Town vote opens door for tattoos, piercings at mall

Carolina Place Mall will soon be home to a new tattoo and piercing studio after Pineville Town Council voted 3-2 to approve a text amendment change to add tattoo and piercing as a permitted use by right in certain situations in the town’s planned business district.

The board was split on the vote Tuesday, Feb. 11, with Mayor Pro-tem Melissa Rogers Davis and Councilwoman Debbie Fowler voting the proposal down and Councilmen Les Gladden and David Phillips pushing the text change through. Mayor Jack Edwards broke the tied vote, siding with Gladden and Phillips.

“I’m not comfortable with that being in the mall,” Rogers Davis said of the self-described “top of the line” Déjà Vu Tattoo and Piercing store.

Rogers Davis, along with Fowler, feel tattoo parlors do not belong in malls around families and children. But the rest of the board saw the new business as more of an opportunity to place the business where they would prefer it.

“If you put it somewhere like a street, you could have people there you wouldn’t want,” Gladden said at the meeting. “In the mall, it is a controlled atmosphere. They’re not going to put up with people hanging out there. (Déjà Vu) is intentionally picking a place that will intentionally keep the riffraff out. I kind of see (Déjà Vu) as a tattoo-type place that goes beyond” the normal standards.

Council also approved specific restrictions for tattoo and piercing uses in Pineville that only allows one location per property or tax parcel with a minimum lot size of 45 acres. The business can only be located in a shopping center with a minimum size of 900,000 square feet. Currently, Carolina Place Mall is the only development in the planned business district that meets these requirements.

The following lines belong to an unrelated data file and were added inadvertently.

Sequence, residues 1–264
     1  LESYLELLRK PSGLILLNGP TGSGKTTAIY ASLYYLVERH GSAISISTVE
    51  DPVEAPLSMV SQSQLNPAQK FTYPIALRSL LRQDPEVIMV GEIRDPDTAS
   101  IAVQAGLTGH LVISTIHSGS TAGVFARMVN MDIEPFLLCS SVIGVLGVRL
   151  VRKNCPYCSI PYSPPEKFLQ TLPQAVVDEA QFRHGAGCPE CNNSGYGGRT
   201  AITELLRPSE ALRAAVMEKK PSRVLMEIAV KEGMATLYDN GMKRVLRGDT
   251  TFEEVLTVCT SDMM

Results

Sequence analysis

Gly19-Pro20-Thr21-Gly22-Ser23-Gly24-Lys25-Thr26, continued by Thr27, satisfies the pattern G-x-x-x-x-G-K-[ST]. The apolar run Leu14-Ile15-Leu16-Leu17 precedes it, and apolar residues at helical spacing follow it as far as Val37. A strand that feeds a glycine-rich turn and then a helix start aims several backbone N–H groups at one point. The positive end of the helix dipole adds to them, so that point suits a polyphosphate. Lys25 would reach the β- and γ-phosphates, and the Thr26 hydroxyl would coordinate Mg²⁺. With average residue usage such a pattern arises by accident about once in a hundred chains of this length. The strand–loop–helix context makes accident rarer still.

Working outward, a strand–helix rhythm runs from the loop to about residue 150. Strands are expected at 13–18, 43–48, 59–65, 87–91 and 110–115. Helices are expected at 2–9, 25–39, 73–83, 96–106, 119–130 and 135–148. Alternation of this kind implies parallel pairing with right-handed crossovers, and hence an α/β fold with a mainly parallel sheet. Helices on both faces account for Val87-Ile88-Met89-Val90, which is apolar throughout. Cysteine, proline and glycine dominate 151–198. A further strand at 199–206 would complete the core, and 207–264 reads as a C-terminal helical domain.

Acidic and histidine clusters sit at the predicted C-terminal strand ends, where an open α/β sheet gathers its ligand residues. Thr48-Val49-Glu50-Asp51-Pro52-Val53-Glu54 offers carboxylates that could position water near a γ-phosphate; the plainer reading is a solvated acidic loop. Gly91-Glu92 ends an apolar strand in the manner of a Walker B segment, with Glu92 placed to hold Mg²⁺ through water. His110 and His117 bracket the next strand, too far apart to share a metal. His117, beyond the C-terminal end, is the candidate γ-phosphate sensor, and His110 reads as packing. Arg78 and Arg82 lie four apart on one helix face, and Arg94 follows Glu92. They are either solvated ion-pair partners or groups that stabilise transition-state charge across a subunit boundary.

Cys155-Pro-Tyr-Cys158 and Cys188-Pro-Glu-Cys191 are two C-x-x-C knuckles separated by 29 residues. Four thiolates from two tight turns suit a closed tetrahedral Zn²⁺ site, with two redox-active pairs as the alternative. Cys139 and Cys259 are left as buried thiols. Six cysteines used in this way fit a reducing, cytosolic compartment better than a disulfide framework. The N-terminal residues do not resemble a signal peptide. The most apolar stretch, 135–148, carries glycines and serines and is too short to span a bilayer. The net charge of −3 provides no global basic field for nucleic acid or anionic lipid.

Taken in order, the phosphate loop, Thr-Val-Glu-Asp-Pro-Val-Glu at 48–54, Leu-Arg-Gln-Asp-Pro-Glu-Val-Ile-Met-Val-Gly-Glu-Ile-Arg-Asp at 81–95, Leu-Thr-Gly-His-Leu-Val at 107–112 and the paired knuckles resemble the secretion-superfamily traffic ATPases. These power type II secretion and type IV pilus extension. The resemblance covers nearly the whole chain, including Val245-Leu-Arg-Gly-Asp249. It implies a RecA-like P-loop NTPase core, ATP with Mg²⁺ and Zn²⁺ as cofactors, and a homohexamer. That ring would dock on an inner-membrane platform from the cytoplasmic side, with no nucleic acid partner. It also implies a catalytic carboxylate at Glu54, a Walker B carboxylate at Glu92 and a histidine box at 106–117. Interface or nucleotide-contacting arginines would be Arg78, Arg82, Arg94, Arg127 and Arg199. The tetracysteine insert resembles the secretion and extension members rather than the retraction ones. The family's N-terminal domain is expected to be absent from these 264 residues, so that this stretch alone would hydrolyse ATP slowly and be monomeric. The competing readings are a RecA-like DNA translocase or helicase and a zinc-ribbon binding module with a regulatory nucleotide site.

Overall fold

Déjà Vu offers tattoos, body piercings, permanent cosmetics and make-up and some jewelry, clothing and accessories retail, according to the business’s website, www.dejavuinknation.com.

The mission of the business is to help change the face and break stereotypes of “back alley” tattoo and piercing shops, Déjà Vu representative Michelle McMasters told Pineville leaders at last month’s public hearing. Officials with Déjà Vu have tried to create a professional atmosphere and follow strict rules on health and sterilization, age limits and restrictions on inappropriate piercings and tattoos, she added.

“Wouldn’t you rather have someone that is going to make sure people are in a safe area?” McMasters said last month. “(We) have some kind of social responsibility to our community. We give back to our community,” McMasters added. “It’s not a hangout spot.”

Council asked Déjà Vu owner and founder Mitchell Brown to consider another area in Pineville rather than inside the mall, but Brown suggested the idea wasn’t true to the business’s original mission.

“I don’t want to be put in the category of (other tattoo and piercing businesses) found in an alley. I don’t want to place my concept in the confines of that. It’s not what we do; it’s not what I want to be,” Brown said. “With guidance from the mall, extra protection from the mall – that’s what we know. That’s what we’re used to.”

Gladden, Phillips and Edwards were hesitant, yet satisfied with Brown’s and McMasters’s commitments to keep loiters out, keep children safe and stick closely with mall hours, even adding in terms for the business to open and close with regular mall hours.

 

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